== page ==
UWF Center for Cybersecurity to play prominent role in Innovation Network

August 17, 2017 | cybersecurity@uwf.edu

Cybersecurity innovators participate at UWF Innovation Network meeting.

Innovators across Northwest Florida convened in downtown Pensacola on Tuesday for the University of West Florida Innovation Network meeting. The University envisions students living and learning on site while participating side-by-side with educational and business partners, conducting real-world research and being immersed in engaged learning through the planned UWF Innovation Network.

Pam Northrup, vice president of the Division of Research and Strategic Innovation, opened the meeting by saying, “We want labs in creative spaces. We want to think the coolest space ever and that’s what we want to build.

“We’re thinking very big. We’re envisioning students with spaces in Pensacola, Fort Walton, Panama City and everything in between as their laboratories.”

Participants broke into groups to discuss cybersecurity, advanced manufacturing, and Gulf and coastal communities.

The cybersecurity group zeroed in on potential impact of a cybersecurity innovation network in Northwest Florida for students, community and industry. Dr. Eman El-Sheikh, director of the UWF Center for Cybersecurity, Adm. Gerry Hoewing, UWF senior advisor for strategic initiatives, Innovation Institute, and Dr. Brice Harris, assistant vice president, Division of Research and Strategic Innovation, guided the activities.

Cybersecurity professionals and students divided into five groups to brainstorm on how to increase interest in cybersecurity among students and deal with common challenges in the industry. Common challenges included workforce, education and training, branding and economic development. Points of interest for students included career pipelines, integrated learning and recognition of skills.

Harry Huelsbeck, Northrop Grumman manager of cyber information assurance, spoke for his group and cited higher standard of living, increased tax base, better infrastructure and increased influence on tourism as potential benefits from an innovation network. His group recommended establishing a program for industry professionals to mentor students. Huelsbeck said such a program stands to benefit both parties.

“Students are going to tell us how we need to change our thinking in the industry,” Huelsbeck said.

Mike Hicks Jr., Hixardt Technologies president/CEO, said there is a shortage of cleared, capable and certified cybersecurity professionals in the market. The state of Florida employs 37,184 cybersecurity professionals, but that still leaves 13,212 openings, according to cyberseek.org.

Hicks’ group suggested UWF collaborate with industry for an internship in which students spend the first two years gaining professional experience before being assigned to a project in which they obtain facility clearance upon completion.

“You’re going to be able to pull industry into that,” Hicks said. “What industry wouldn’t want to be part of that process?”

Tom Skinner, Northrop Grumman cyber solutions division deputy program, spoke for his group which recommended extending cybersecurity education to elementary students in an effort to increase the number of future cybersecurity professionals.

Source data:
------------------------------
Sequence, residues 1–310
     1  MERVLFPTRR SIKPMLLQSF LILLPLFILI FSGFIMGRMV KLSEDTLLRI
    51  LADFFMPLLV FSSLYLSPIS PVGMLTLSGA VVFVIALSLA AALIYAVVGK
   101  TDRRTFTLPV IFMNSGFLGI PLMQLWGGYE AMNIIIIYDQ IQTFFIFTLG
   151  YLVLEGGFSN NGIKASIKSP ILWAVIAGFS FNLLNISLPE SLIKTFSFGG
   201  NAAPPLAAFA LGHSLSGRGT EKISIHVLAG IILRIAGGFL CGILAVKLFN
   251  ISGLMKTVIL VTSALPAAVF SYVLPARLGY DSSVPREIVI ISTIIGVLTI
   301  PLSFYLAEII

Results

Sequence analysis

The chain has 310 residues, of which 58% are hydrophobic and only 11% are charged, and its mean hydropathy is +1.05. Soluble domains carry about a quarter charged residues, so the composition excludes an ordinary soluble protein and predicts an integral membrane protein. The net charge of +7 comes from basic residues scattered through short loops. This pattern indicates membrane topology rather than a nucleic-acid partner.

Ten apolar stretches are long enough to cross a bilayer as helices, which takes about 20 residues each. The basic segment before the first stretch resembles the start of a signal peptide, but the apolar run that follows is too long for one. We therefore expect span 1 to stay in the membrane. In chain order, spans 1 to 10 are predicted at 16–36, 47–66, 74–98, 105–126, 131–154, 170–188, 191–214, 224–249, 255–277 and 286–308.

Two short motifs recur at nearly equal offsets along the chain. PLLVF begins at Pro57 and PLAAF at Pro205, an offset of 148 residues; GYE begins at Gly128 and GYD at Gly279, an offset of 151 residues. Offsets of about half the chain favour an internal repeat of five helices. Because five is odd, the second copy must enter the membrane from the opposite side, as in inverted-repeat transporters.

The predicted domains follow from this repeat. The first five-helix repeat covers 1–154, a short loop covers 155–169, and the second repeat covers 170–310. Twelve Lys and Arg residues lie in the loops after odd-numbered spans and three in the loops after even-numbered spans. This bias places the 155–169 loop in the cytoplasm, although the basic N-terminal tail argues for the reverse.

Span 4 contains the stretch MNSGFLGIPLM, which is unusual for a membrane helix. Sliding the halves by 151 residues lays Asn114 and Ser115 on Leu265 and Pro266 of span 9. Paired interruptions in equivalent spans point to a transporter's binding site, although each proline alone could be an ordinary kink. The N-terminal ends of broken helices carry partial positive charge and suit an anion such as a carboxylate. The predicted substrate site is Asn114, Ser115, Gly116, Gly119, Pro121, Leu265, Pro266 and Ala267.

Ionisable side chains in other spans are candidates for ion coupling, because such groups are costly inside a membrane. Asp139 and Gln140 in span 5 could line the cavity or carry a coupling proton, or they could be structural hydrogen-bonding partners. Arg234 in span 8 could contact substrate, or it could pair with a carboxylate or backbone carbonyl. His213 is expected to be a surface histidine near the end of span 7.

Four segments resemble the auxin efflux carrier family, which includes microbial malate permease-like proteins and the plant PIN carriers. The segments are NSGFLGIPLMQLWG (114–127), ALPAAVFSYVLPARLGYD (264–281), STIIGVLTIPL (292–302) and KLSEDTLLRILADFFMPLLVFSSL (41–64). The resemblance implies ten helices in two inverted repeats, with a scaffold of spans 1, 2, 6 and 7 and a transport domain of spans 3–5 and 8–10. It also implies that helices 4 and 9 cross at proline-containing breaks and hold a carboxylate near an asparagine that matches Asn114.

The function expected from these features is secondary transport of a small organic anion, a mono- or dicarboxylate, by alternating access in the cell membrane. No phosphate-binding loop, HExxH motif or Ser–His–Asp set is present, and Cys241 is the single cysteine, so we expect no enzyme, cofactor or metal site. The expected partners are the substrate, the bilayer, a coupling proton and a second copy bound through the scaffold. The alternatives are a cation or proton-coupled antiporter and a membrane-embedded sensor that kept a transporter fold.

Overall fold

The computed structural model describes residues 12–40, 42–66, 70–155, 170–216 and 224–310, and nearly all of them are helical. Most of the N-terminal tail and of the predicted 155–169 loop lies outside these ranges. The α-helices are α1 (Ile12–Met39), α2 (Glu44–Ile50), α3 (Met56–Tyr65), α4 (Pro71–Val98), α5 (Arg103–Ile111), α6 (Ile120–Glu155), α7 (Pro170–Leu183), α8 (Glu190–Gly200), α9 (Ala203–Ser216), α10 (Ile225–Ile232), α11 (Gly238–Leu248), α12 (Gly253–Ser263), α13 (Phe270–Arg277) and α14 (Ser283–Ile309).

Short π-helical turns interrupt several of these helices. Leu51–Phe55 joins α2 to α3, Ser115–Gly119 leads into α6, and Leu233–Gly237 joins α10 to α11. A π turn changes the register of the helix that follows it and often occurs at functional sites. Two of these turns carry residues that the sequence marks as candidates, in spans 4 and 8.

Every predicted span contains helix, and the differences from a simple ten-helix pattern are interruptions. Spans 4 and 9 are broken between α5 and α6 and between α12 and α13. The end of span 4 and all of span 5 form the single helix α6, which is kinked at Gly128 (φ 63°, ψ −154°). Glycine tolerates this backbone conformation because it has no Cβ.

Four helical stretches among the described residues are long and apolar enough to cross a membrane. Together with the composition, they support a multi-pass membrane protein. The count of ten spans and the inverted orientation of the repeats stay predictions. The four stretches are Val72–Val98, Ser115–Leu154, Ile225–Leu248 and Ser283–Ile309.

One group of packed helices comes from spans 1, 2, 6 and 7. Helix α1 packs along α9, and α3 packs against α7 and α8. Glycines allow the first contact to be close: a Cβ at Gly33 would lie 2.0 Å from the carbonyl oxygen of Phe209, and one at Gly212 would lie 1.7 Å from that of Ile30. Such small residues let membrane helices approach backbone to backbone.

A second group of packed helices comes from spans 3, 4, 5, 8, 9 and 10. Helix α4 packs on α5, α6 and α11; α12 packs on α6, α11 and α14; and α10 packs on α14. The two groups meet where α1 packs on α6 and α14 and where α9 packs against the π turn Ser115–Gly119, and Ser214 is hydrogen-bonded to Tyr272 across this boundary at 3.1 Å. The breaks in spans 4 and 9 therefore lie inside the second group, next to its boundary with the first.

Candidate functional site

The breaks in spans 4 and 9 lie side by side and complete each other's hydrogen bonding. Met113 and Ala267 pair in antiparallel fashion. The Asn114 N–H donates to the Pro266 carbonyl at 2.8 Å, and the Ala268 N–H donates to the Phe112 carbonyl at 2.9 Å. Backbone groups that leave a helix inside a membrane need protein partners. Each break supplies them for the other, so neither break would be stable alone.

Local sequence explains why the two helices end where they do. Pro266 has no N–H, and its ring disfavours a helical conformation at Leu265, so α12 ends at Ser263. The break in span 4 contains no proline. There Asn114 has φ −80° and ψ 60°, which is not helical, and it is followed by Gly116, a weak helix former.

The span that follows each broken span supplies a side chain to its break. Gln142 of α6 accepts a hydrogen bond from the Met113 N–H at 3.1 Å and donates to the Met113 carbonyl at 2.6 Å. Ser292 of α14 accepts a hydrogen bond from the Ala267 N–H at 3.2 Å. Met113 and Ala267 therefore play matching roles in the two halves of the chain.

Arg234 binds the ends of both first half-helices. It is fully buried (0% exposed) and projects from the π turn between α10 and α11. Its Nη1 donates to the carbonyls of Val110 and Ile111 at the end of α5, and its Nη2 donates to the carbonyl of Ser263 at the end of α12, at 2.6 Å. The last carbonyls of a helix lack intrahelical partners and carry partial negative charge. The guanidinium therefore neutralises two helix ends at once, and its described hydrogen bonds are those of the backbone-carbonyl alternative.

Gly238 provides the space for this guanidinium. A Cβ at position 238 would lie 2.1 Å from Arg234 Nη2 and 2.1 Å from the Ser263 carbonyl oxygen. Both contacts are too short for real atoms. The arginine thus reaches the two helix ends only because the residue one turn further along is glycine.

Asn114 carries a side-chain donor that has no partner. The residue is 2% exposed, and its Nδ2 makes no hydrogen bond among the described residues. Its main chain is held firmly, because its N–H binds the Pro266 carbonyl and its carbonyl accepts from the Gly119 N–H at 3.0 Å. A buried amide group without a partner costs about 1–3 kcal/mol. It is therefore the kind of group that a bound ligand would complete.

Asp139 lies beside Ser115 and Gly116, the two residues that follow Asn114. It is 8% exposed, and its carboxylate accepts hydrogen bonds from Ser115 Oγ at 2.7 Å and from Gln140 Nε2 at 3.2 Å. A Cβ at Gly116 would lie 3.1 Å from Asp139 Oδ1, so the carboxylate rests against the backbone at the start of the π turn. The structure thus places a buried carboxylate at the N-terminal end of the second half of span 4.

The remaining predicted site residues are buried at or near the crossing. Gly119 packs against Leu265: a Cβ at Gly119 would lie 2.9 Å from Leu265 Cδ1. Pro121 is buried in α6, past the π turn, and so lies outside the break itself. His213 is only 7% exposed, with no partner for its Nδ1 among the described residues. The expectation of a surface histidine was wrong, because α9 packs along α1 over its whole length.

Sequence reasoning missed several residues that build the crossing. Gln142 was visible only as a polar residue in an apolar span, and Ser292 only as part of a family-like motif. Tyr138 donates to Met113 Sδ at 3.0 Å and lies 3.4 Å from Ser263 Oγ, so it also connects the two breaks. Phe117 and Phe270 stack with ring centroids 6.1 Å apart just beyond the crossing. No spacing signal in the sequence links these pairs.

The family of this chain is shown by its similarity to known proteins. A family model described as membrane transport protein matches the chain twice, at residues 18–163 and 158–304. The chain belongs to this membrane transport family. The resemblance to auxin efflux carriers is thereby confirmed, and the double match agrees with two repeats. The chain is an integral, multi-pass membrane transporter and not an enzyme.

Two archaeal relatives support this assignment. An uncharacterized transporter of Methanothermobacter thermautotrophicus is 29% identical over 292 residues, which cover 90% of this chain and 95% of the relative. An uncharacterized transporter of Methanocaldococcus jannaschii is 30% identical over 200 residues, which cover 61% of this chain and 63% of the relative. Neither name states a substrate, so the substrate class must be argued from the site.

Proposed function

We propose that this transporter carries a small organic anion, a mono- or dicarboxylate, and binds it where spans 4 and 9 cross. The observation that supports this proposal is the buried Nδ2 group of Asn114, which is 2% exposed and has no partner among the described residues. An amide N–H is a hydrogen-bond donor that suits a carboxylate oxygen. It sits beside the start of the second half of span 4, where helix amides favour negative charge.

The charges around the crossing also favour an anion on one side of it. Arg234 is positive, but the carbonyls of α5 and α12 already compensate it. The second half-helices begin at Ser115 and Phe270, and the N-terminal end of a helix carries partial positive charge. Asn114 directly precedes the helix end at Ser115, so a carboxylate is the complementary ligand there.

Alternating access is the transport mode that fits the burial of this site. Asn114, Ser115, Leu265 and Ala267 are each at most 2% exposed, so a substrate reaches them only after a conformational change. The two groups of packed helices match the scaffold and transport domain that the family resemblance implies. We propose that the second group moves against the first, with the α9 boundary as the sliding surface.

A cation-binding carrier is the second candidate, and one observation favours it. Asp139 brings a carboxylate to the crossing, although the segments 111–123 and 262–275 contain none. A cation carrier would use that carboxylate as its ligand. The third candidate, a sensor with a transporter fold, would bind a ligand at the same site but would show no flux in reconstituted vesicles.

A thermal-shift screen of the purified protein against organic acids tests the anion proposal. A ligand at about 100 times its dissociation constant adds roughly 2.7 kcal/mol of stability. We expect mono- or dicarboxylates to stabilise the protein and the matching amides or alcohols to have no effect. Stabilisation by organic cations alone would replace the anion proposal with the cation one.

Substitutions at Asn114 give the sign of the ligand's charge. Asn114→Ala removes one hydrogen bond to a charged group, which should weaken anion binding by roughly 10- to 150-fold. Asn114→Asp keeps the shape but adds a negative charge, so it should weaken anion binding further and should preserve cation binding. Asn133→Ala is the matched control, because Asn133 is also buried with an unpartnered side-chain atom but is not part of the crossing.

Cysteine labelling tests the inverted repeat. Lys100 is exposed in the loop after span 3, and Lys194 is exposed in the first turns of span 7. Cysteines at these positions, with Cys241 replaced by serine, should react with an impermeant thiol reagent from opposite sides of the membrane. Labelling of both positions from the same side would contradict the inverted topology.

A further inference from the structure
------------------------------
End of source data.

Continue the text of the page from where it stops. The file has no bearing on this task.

“Can you peak their interest at a time when it really makes a difference?” Skinner said.

Participants discussed the importance of Increasing diversity in the cybersecurity industry. National statistics indicate women comprise only 11 percent of cybersecurity employees and African-Americans, Hispanics and Asians account for less than 12 percent of the workforce.

Dr. Michelle Taylor, Workforce Education director for the Escambia County School District, urged cybersecurity experts to infiltrate areas where a high percentage of minorities live and educate the students.

Escambia County Commissioner Doug Underhill said cybersecurity is a profession that should be immune to discrimination, and he is at a loss for why that is not the case.

“Can you code? That’s what matters. Cybersecurity should truly be a post-racial society; however, it’s doing the exact opposite,” Underhill said. “There’s a growing divide between who’s in it and who’s not.”

One group ranked improving diversity at the top of priority list for a successful innovation network. A skilled workforce, clearances, federal investment and publicity joined diversity on the lists.

The participants agreed that turning Northwest Florida into a cyber coast starts with education and training. The UWF Center for Cybersecurity is positioned to spearhead that effort. The National Security Agency and Department of Homeland Security designated UWF as a National Center of Academic Excellence in Cyber Defense Education and as the CAE Regional Resource Center for the Southeast Region of the U.S. In this role, the UWF Center for Cybersecurity provides leadership to advance cyber defense education among colleges and universities in Alabama, Florida, Georgia, Puerto Rico, South Carolina and Tennessee.

“The UWF Innovation Network will feature innovative experiences and spaces that bring UWF students and faculty together with industry experts to solve real world problems and support the community,” El-Sheikh said. “It paves the way for economic growth, workforce development and building Florida's Cyber Coast.”


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